Would you know what to do if you get lost in the woods?
You know how it goes. Camping and hiking and general cavorting in the woods is all fun and games until someone goes and gets lost. Then it's not so fun, as many a Brothers Grimm fairy tale reminds us. Given that more than 330 million people visit the country's national parks, forests and wilderness areas every year, well, sometimes people get lost.
Katherine, who grew up in the woods of Canada, gave us a great rundown last year on basic survival skills. (She also gives enlightening lessons in starting fires and shoveling snow, in case you're interested.) But this city mouse has always wondered, how do people get lost in the woods in the first place?
As it turns out, I'm not the only one to wonder. The Smoky Mountains portal, SmokyMountains.com, mused about the same when they analyzed more than 100 news reports to find out what were the most common ways people got lost while hiking – as well as what they did to survive, and how they made it out. Here's what the found about getting lost:
HOW HIKERS GOT LOST
Wandered off the trail: 42 percent
Bad weather: 17 percent
Fell off trail: 16 percent
Got separated from group: 8 percent
Injury: 7 percent
Darkness: 6 percent
Loss or failure of equipment: 5 percent
Other: 1 percent
Strangely missing: Selfies and alcohol, although maybe those are included in falling off the trail?
HOW THEY STAYED WARM
Clothes: 12 percent
Built fires: 10 percent
Used camping gear: 10 percent
Other methods of keeping warm mentioned included using body heat of fellow lostees and dogs, hikers covering themselves, exercise and digging in.
WHAT THEY USED FOR SHELTER
Camping gear: 11 percent
Caves and other existing shelters: 9 percent
Trees: 8 percent
Other shelters listed included self-made caves and coverings, and taking shelter in rocks, inside fallen trees and in the ground.
WHAT THEY DRANK FROM
Natural body of water: 24 percent
Snow, rain or puddles: 16 percent
Rationed their own water: 13 percent
Other sources of hydration that survivors listed included drinking urine, going without water or licking leaves, moss and grass.
STAYING VS GOING
Kept moving to find their way out: 65 percent
Chose to stay put: 35 percent
And when it came to being rescued versus finding their way out on their own, 23 percent found their way, while 77 percent were rescued.
The site also asked Andrew Herrington, a survival instructor, search and rescue team leader, and Wildlife Ranger in the Smokies, for his expertise on avoiding this nightmare in the first place. Here is what recommends.
HIKING ADVICE FROM AN EXPERT
• Carry the Ten Essentials
• Leave a trip plan and check in time with two trusted people
• Study your maps and identify a “bailout” direction in the area you’re exploring
• Check the weather forecast (including overnight in case you’re forced to stay out)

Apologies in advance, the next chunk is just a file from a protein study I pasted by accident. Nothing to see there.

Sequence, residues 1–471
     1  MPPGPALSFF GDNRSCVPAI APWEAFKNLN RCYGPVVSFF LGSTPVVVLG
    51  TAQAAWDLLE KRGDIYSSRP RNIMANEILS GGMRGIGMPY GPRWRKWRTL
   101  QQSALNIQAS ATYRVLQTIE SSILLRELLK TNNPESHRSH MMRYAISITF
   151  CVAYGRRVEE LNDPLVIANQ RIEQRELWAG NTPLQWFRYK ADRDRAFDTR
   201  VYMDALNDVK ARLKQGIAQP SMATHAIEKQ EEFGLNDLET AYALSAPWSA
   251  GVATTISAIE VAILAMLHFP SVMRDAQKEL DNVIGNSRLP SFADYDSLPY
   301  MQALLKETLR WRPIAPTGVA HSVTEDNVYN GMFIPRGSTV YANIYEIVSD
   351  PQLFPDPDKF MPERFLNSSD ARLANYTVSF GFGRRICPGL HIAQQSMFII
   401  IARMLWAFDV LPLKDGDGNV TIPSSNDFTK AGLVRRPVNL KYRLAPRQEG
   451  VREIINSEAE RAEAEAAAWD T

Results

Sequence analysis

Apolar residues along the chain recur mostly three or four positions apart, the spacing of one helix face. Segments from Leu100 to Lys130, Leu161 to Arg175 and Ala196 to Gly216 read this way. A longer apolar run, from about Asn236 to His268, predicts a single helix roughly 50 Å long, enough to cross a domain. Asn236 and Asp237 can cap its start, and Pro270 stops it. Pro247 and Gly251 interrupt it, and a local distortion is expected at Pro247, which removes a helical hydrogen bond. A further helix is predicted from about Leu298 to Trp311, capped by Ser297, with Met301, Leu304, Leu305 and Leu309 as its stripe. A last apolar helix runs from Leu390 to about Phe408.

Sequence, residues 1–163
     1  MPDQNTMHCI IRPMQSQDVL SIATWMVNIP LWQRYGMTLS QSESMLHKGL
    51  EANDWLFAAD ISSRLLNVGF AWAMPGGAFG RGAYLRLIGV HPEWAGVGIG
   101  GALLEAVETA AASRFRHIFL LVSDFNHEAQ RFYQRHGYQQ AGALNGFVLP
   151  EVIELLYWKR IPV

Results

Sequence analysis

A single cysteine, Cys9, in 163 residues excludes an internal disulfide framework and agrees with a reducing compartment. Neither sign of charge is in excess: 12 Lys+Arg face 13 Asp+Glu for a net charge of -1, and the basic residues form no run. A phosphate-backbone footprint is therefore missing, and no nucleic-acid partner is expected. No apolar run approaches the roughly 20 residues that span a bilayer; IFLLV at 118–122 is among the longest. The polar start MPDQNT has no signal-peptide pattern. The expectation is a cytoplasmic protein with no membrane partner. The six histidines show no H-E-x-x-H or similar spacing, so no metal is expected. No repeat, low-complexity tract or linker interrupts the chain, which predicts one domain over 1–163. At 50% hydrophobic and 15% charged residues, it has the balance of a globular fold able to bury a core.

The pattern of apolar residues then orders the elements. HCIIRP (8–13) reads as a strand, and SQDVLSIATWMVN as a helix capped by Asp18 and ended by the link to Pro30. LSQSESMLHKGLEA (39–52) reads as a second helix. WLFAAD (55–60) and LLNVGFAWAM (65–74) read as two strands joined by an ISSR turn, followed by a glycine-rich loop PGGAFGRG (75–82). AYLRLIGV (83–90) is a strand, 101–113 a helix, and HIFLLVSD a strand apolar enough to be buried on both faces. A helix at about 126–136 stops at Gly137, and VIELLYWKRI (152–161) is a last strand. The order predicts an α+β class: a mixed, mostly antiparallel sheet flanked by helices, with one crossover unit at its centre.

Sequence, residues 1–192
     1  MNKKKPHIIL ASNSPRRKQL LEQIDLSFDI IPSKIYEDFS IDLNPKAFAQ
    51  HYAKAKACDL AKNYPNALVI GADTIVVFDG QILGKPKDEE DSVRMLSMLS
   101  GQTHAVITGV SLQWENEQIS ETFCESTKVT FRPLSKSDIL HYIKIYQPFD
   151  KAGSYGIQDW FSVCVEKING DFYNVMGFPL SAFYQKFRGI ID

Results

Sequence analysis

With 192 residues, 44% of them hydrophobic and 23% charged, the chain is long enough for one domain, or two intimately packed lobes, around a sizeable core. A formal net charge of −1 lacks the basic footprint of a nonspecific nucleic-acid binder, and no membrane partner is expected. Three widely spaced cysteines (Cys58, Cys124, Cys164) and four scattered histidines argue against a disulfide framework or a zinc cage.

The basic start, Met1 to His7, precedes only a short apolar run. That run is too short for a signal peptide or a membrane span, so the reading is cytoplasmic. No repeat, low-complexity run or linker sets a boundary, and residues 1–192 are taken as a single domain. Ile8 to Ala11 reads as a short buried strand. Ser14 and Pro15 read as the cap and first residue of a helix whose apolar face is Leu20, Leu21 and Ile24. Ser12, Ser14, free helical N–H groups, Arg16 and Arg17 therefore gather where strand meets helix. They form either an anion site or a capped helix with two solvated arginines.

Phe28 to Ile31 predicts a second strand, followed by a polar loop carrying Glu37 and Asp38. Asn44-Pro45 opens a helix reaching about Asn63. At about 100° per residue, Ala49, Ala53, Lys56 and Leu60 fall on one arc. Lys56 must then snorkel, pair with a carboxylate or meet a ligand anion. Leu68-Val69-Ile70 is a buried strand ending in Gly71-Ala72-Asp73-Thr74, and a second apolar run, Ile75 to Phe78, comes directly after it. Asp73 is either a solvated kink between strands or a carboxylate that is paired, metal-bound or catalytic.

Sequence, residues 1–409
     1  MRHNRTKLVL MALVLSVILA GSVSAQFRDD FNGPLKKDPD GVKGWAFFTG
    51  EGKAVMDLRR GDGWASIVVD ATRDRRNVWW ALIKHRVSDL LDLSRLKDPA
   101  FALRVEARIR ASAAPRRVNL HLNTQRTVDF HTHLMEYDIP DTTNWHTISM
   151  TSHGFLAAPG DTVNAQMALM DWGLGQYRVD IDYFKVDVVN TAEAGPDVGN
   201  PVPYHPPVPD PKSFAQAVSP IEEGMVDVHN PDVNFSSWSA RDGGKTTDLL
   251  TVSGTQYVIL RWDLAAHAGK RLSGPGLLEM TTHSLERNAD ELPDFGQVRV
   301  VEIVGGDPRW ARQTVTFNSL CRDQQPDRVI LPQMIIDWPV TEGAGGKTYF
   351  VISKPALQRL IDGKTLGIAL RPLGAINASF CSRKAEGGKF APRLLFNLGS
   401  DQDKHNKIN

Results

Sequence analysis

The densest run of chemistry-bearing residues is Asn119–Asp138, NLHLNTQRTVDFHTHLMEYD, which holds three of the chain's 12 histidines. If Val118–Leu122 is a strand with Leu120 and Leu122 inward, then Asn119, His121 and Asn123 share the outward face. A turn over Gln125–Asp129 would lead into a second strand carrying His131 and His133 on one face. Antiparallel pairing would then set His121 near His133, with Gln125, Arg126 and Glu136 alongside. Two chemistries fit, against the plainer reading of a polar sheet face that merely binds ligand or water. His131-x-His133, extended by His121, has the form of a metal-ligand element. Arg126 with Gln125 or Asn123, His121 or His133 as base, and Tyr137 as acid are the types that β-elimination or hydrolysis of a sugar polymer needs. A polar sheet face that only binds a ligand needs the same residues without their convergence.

• Always use high quality clothing: Merino or synthetic base layers, mid layers, synthetic or dri-down puffy jackets and Gore-Tex shells
• Practice lightweight tarp shelter building at home
• Print off free maps at sartopo.com
• Download a backup GPS app, like Avenza
• Practice fire making and carry the gear (including petroleum jelly soaked cotton balls and fatwood sticks)
• Look into Personal Locator Beacons and Satellite Messengers for cutting edge signaling options
Avoid getting lost
• Identify features on the ground and find them on the map as you go
• If you’re off-trail, work out how to reach a linear trail, road or creek
• If you’re unsure of your location, start breaking branches in the direction you’re traveling, or skin a 6 inch cut on a sapling with your knife. The inner bark shows white and is easy to follow
• Avoid sweating into your clothes in cold weather
• Stay cool when you’re active and warm at rest
• Monitor for hypothermia signals in the group
• Warm up with sugary foods, exercise, or a big fire
• Use your tarp, puffy jacket and quilt to create a warm cozy shelter
• Keep a 55 gallon trash bag in your pocket in case you’re separated from your pack
• If you have no other option, build a lean-to shelter (framework of sticks, covered with leaf litter, evergreen branches, or bark - whichever is most available) and heat it with a 6 foot long fire
• Build a bed out of leaves, grass, or pine needles, at least 8 inches thick
• Use a lightweight filter, Chlorine dioxide tablets, or a steel canteen to boil and purify water
• In the worst case scenario, just drink the water - statistically in the US, you will be rescued within 24 hours - death from dehydration is a bigger risk than infection
• Pack high calorie foods like almond butter and coconut oil packs
• If you have no food, don’t try to hunt, trap, or forage - it just exposes you to potential injury
• Instead, fast: the average person has over 30 days of calories to survive on
• Prioritize building a camp, staying warm, and hydrated
Move or stay put?
• If you left a trip plan and someone knows you are missing, or if you’re stranded in a vehicle or on a trail, old road, or creek - stay where you are
• Consider “self-rescue” if you didn’t tell anybody where you were going, and have no way to signal
• Navigate to an open area, high ground for cell signal, or your “bailout” direction, leaving a trail as you go
• Use brightly colored tarps and clothing
• Call 911 on your cell phone, even if you don’t have service. By law, any tower that you can connect with will transmit that call
• Use signal mirrors or three blasts on your whistle to attract attention
• Add green plants to your fire to create a smoke signal
• Movement and contrast are the key to being seen if you hear a rescue plane or helicopter
And I always thought the secret was leaving a trail of breadcrumbs ... you really do learn something new everyday. For more, you can see all the research, and some personal accounts of being lost, at smokymountains.com.